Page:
A graphic and often moving account of life between the wars in a poor family that can trace its ancestors back to the seventeenth century. Dad works on the railway, the children struggle against economic and social odds, and young Eric's ambitions to become a schoolteacher are cruelly defeated when his family cannot afford the training college fees.
Eric Moss has a detailed memory for cottage life of the times, including raising (and slaughtering) the pig, watching and helping the village blacksmith, bringing in the crops, emptying the cottage closet and fertilising the garden with the product, and a description of how the vaults at the school got emptied at dead of night! He tells of ferreting, bird trapping, the importance of the allotment, kitchens before electricity, Mr Benfield's milk lorry, the doings of Slasher Moss, the coming of the crystal set, the art of ringing pigs, family Christmases, the village pubs and pub games and much besides.
We re-live the author's schooldays and share the games and mischievous pranks of the children.
The book is rich in anecdote and full of the tensions of life in a small community.
Doris Warner won first prize in a county competition for her Memories, which include both world wars and their impact on village life in Ascott. Doris became village postmistress, and like Eric Moss she recalls the building of the Tiddy Hall and the enthusiasm for folk song and country dancing. Her grandmother was one of the Ascott martyrs, and Doris wrote a musical to celebrate the centenary of their imprisonment, Over the Hills to Glory.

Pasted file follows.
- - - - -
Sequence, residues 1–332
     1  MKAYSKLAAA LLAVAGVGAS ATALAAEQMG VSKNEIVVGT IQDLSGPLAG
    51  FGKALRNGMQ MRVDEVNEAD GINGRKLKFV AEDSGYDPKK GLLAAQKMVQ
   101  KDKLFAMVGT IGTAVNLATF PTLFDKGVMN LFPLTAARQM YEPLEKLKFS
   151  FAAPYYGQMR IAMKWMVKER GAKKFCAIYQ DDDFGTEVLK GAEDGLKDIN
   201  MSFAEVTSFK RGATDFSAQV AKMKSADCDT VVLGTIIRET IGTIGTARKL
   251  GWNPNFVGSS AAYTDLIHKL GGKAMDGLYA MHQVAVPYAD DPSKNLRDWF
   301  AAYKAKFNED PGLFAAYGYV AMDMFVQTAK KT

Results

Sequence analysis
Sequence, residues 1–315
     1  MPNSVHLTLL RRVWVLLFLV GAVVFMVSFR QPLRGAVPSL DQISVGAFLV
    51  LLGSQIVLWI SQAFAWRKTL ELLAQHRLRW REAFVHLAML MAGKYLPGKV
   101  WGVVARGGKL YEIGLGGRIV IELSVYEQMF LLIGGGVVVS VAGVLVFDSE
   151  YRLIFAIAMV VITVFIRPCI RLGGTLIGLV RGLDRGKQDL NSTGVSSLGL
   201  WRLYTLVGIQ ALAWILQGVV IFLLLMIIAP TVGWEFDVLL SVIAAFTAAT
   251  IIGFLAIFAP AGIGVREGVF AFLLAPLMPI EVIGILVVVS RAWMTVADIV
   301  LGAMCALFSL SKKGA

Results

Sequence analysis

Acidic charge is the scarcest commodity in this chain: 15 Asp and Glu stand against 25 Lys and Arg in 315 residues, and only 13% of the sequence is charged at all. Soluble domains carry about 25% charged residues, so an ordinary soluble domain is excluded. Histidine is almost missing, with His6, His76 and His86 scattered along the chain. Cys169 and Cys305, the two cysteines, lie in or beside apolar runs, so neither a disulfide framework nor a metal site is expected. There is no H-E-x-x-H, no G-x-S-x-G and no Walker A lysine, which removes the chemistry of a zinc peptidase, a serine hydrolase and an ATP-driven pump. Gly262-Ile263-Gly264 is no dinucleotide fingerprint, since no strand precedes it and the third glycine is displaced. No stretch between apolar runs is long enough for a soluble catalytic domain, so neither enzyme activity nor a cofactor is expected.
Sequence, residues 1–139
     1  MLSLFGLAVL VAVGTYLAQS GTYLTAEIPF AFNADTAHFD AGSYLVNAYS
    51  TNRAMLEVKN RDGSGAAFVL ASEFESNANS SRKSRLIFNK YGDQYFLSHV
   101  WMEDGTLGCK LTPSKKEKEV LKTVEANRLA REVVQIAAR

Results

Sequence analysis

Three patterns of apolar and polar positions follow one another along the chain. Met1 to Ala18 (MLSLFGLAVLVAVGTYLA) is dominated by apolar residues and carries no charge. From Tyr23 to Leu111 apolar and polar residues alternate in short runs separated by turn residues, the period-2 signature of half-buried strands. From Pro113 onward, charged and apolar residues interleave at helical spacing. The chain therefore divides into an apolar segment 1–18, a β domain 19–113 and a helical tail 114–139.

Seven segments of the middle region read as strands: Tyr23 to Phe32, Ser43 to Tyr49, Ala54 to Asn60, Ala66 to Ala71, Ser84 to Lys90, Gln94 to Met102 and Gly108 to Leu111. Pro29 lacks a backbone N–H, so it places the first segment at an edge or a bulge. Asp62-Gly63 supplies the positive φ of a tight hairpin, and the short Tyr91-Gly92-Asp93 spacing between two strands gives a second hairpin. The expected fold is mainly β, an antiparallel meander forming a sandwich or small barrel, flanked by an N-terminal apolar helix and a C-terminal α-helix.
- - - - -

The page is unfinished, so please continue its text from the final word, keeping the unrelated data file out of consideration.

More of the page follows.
Both authors convey the decline of village life and the loss of community after the second world war as rural jobs disappeared and newcomers moved into the village, bringing very different expectations.
The book is illustrated with many historic photographs.
£8 pbk 144pp 978-1-902279-07-7
A lively, knowledgeable and enchanting guide to this little known part of North Oxfordshire, including the three villages immortalised by Flora Thompson in Lark Rise to Candleford. The other villages included are Cropredy, Fritwell, Lower Heyford, Horley, King's Sutton, Sibford Ferris, Sibford Gower and Great Tew.
The history of each village is followed by a walking tour, taking in the buildings, streets and memorable inhabitants.
There are about 60 historic photographs, and a map of each village.
Martin Greenwood is a well-known local historian.
£9.99 pbk 176pp 978-1-902279-24-4
Foreword by Mary Hodges
Local history is about ordinary people and their everyday lives. Research into ten families has provided a basis for further study. Incorporating over 100 surnames, 416 individuals are named, many achieving office within the borough; these include 18 aldermen who served terms as mayor, 7 chamberlains who did not become aldermen, 3 members of parliament, 6 town clerks, 3 churchwardens and one rector of Bladon with Woodstock. In addition 6 comptrollers of Woodstock Park are studied along with their associates, the neighbouring gentry and nobility.
Seven of the main families represent the core of influence within the town, reinforced by judicious marriages and trade links. The remaining families lived in the three adjoining parishes; one each from Bladon (Hensington), Old Woodstock and Woodstock Park, and these represent the gentry and working classes with their contrasting lifestyles. The stories include the following families: Ayres, Bradshaw (2 families), Browne, Cooper, Fletcher, Glover, Johnson, Nash, Whitton.
£9.99 paperback 124pp ISBN 978-1-902279-22-0